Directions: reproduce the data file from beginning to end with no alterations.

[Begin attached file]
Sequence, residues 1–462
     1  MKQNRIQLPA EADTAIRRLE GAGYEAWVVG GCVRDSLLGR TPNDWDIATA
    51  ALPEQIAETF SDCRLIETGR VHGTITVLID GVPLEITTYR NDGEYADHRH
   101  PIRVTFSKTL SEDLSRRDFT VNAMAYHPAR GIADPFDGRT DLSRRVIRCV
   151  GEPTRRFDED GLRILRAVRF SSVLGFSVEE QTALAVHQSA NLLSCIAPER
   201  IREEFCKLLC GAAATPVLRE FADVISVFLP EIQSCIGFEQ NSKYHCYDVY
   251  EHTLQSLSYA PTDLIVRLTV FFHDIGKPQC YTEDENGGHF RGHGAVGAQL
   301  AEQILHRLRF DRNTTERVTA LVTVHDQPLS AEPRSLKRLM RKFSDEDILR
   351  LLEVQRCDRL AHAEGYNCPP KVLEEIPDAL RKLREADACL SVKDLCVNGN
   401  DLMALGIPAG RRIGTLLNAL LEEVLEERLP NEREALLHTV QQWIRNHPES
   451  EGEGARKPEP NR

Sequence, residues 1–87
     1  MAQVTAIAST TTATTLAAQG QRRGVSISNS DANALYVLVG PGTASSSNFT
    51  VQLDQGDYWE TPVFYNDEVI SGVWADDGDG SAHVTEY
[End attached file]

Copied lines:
Sequence, residues 1–462
     1  MKQNRIQLPA EADTAIRRLE GAGYEAWVVG GCVRDSLLGR TPNDWDIATA
    51  ALPEQIAETF SDCRLIETGR VHGTITVLID GVPLEITTYR NDGEYADHRH
   101  PIRVTFSKTL SEDLSRRDFT VNAMAYHPAR GIADPFDGRT DLSRRVIRCV
   151  GEPTRRFDED GLRILRAVRF SSVLGFSVEE QTALAVHQSA NLLSCIAPER
   201  IREEFCKLLC GAAATPVLRE FADVISVFLP EIQSCIGFEQ NSKYHCYDVY
   251  EHTLQSLSYA PTDLIVRLTV FFHDIGKPQC YTEDENGGHF RGHGAVGAQL
   301  AEQILHRLRF DRNTTERVTA LVTVHDQPLS AEPRSLKRLM RKFSDEDILR
   351  LLEVQRCDRL AHAEGYNCPP KVLEEIPDAL RKLREADACL SVKDLCVNGN
   401  DLMALGIPAG RRIGTLLNAL LEEVLEERLP NEREALLHTV QQWIRNHPES
   451  EGEGARKPEP NR

Sequence, residues 1–87
     1  MAQVTAIAST TTATTLAAQG QRRGVSISNS DANALYVLVG PGTASSSNFT
    51  VQLDQGDYWE TPVFYNDEVI SGVWADDGDG SAHVTEY